Spatial genetic structure reflects extensive clonality, low genotypic diversity and habitat fragmentation in Grevillea renwickiana (Proteaceae), a rare, sterile shrub from south-eastern Australia.
BACKGROUND AND AIMS
The association of clonality, polyploidy and reduced fecundity has been identified as an extinction risk for clonal plants. Compromised sexual reproduction limits both their ability to adapt to new conditions and their capacity to disperse to more favourable environments. Grevillea renwickiana is a prostrate, putatively sterile shrub reliant on asexual reproduction. Dispersal is most likely limited by the rate of clonal expansion via rhizomes. The nine localized populations constituting this species provide an opportunity to examine the extent of clonality and spatial genotypic diversity to evaluate its evolutionary prospects.
Ten microsatellite loci were used to compare genetic and genotypic diversity across all sites with more intensive sampling at four locations (n = 185). The spatial distribution of genotypes and chloroplast DNA haplotypes based on the trnQ-rps16 intergenic spacer region were compared. Chromosome counts provided a basis for examining genetic profiles inconsistent with diploidy.
Microsatellite analysis identified 46 multilocus genotypes (MLGs) in eight multilocus clonal lineages (MLLs). MLLs are not shared among sites, with two exceptions. Spatial autocorrelation was significant to 1·6 km. Genotypic richness ranged from 0 to 0·33. Somatic mutation is likely to contribute to minor variation between MLGs within clonal lineages. The eight chloroplast haplotypes identified were correlated with eight MLLs defined by ordination and generally restricted to single populations. Triploidy is the most likely reason for tri-allelic patterns.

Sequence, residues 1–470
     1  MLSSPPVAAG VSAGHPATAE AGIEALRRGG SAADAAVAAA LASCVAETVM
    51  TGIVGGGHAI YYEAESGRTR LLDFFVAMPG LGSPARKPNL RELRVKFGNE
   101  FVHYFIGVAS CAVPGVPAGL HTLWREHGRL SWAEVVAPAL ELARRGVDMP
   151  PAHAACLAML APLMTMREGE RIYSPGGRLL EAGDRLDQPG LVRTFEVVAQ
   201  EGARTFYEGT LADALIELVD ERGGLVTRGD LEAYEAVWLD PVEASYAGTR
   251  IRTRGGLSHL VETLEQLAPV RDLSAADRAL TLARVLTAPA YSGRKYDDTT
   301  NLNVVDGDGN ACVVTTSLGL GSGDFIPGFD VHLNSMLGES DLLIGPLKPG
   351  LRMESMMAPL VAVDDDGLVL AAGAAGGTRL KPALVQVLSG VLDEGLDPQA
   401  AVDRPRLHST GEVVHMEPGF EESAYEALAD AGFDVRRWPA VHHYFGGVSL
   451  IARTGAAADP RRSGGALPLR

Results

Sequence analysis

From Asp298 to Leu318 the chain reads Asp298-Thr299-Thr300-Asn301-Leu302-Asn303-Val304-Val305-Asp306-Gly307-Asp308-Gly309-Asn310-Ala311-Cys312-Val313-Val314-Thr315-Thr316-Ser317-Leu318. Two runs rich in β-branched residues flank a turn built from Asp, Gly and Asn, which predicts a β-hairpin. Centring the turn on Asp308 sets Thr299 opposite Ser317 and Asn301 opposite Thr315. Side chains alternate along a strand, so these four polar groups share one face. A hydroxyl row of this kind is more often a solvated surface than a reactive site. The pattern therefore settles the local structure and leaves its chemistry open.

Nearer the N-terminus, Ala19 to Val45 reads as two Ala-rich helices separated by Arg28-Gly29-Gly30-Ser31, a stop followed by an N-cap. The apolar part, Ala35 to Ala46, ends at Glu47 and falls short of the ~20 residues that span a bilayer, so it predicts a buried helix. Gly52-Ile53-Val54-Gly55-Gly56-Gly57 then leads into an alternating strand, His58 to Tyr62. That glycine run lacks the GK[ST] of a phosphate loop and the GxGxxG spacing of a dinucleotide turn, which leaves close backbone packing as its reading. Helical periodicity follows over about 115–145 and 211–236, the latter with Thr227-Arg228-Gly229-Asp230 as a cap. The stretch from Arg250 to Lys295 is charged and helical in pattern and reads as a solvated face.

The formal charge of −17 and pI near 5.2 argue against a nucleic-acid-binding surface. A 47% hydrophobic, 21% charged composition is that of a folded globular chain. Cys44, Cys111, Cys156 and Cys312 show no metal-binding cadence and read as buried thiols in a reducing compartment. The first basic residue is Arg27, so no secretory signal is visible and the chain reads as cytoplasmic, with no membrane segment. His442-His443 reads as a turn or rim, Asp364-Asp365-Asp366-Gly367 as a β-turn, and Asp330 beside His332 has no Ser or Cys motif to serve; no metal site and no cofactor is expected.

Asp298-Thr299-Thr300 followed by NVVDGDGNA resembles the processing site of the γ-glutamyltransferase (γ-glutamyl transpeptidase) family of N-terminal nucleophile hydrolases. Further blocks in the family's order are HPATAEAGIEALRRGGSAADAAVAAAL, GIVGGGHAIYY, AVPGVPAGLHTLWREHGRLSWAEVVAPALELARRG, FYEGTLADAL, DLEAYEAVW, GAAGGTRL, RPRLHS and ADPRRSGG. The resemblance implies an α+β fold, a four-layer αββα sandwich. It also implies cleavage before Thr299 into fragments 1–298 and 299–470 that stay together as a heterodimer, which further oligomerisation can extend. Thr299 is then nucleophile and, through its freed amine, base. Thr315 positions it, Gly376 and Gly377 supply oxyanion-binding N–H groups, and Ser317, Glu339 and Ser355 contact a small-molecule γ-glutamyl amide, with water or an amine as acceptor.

Grevillea renwickiana comprises few genetic individuals. Sterility has most likely been induced by triploidy. Extensive lateral suckering in long-lived sterile clones facilitates the accumulation of somatic mutations, which contribute to the measured genetic diversity. Genetic conservation value may not be a function of population size. Despite facing evolutionary stagnation, sterile clonal species can play a vital role in mitigating ecological instability as floras respond to rapid environmental change.
LinksPMC Free PDF
Royal Botanic Gardens Melbourne, Birdwood Avenue, South Yarra, Victoria 3141, Australia School of Botany, The University of Melbourne, Victoria 3010, Australia Elizabeth.James@rbg.vic.gov.au.
NSW Office of Environment and Heritage, PO Box 733, Queanbeyan, NSW 2620, Australia Department of Environmental Management & Ecology, La Trobe University, PO Box 821, Wodonga, Victoria 3689, Australia.
Principal Component Analysis
Research Support, Non-U.S. Gov't